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Demystifying 802

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802.1x is an IEEE standard that defines how to identify a user and grant a user access to a network. 802.1x is a link layer, or Layer 2, authorization protocol that defines how a user is granted port-based access to a network. 802.1x is composed of three major components: supplicant, authenticator, and authentication server. The supplicant resides on the end-device to identify the user. The authenticator can exist in a Catalyst LAN switch, wireless access point, or router and forwards authentication requests from the supplicant device to the authentication server. The authentication server contains knowledge of the authorized users and the network privileges that should be granted to a user for network access. The Cisco ACS server is an example of an authentication server.

802.1x communication occurs between the supplicant and the authenticator. Communication between the authenticator and authenticator server is in the form of RADIUS records. EAP types are used to communicate between the supplicant and the authentication server. Many EAP types exist for different network scenarios, including one-way authentication (supplicant authenticates to authenticator), two-way authentication (protects supplicant devices against rouge authenticators), support for both wired (Ethernet) and wireless (WiFi) networks, and support for either passwords or digital certificates.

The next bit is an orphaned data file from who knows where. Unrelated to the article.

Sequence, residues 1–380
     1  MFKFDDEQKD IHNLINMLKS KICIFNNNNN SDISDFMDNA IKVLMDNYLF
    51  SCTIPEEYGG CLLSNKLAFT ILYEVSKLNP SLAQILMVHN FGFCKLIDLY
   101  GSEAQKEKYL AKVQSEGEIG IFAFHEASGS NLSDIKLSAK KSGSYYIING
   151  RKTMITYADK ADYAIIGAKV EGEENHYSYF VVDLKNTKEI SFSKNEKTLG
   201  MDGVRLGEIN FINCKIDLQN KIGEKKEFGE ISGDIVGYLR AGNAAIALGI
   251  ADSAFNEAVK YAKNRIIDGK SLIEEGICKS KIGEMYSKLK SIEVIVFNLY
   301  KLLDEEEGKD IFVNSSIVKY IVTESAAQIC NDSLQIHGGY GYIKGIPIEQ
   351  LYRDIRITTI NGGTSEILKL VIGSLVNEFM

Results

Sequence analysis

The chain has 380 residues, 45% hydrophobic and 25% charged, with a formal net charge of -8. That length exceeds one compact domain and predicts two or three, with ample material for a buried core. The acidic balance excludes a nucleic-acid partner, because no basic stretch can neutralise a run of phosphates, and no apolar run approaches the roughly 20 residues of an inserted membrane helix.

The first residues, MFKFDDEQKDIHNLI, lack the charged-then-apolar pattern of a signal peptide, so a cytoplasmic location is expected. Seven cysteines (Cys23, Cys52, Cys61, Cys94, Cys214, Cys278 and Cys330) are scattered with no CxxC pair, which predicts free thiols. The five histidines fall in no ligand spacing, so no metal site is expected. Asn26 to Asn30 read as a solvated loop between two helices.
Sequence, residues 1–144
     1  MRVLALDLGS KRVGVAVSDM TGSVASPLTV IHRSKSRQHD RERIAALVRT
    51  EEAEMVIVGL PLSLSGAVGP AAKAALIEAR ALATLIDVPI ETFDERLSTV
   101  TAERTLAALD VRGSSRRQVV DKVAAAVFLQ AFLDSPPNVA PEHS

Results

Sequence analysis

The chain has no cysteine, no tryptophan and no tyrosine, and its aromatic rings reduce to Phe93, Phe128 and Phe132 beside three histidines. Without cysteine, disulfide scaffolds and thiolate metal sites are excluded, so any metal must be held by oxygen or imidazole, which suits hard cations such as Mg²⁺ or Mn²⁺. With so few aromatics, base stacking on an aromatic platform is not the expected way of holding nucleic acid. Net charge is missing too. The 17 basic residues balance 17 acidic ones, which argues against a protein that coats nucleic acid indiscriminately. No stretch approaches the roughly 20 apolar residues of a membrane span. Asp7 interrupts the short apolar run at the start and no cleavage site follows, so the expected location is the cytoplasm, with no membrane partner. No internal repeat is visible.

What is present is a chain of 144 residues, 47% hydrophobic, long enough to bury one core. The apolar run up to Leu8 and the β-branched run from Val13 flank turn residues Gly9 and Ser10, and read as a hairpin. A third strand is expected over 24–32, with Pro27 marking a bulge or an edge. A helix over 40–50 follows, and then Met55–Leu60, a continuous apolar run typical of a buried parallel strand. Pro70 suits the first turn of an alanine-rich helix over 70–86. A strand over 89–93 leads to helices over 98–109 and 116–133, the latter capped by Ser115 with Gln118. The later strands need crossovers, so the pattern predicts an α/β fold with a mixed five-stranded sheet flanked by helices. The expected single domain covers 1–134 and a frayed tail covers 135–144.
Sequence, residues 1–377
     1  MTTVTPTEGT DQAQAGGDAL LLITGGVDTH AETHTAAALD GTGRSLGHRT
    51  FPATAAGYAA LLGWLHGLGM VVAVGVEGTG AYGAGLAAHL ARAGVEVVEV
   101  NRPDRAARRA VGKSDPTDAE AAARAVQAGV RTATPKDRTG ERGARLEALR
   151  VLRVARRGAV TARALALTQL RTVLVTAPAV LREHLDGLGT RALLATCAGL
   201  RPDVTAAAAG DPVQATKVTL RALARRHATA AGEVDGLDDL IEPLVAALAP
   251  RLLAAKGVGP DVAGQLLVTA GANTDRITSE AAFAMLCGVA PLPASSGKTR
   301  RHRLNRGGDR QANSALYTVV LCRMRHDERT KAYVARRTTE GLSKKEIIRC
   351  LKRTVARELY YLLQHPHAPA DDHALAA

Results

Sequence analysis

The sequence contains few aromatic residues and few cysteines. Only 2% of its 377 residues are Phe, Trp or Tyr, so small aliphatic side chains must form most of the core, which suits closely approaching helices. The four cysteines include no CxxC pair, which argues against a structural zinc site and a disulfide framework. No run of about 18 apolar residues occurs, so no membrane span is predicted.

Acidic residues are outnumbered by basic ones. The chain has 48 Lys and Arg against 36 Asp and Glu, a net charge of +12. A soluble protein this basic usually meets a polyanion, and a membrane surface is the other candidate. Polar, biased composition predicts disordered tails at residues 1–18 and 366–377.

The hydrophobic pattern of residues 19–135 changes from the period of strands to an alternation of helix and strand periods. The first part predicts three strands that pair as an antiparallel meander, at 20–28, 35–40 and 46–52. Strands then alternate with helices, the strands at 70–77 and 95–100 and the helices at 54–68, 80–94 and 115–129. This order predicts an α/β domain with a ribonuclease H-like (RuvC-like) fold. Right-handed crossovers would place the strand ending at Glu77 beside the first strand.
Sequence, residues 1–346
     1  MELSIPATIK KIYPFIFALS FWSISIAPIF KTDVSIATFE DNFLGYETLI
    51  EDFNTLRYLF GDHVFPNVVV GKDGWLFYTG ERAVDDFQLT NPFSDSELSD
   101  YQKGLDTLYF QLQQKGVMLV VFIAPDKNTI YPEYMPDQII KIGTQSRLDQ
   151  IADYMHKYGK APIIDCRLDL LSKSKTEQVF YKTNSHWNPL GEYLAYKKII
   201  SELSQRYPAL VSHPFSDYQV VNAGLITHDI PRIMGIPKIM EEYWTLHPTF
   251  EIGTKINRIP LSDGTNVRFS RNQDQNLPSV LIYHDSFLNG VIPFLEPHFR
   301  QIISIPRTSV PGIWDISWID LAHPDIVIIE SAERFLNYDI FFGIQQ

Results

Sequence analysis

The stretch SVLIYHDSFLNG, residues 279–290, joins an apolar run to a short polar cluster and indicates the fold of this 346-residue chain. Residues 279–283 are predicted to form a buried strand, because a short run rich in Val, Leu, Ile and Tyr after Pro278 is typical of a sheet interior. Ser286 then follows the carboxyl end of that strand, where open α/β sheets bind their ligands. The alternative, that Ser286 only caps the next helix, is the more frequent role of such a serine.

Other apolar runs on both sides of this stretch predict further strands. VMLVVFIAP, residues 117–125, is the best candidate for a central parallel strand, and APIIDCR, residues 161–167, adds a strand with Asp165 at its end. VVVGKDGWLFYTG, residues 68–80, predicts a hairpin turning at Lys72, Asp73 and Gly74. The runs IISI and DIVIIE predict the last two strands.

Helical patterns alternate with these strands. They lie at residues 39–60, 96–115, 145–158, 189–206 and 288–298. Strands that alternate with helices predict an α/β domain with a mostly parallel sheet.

802.1x is a good base for user authentication. Other functionality can complement 802.1x user authentication. 802.1x also supports device or machine authentication. Machine authentication uses Microsoft’s Active Directory, so machine authentication is only supported for Microsoft Windows PCs. Cisco IBNS layers additional functionality on to an 802.1x network, including the ability to bypass authentication based upon MAC address and the WoL feature to activate and reboot an idle computer in order to remotely install software applications, patches, and updates. NAC can also leverage an 802.1x network to provide additional checks of the security posture on the authenticating device to ensure that the device has the proper antivirus, service packs, and hotfix updates to safely join the network. 802.1x is also supported in Cisco’s IOS routers and can implement additional security for remote employees and teleworkers by using 802.1x to allow the employee to safely access the corporate network while allowing other users on the home network to access the Internet without connecting through the corporate network.

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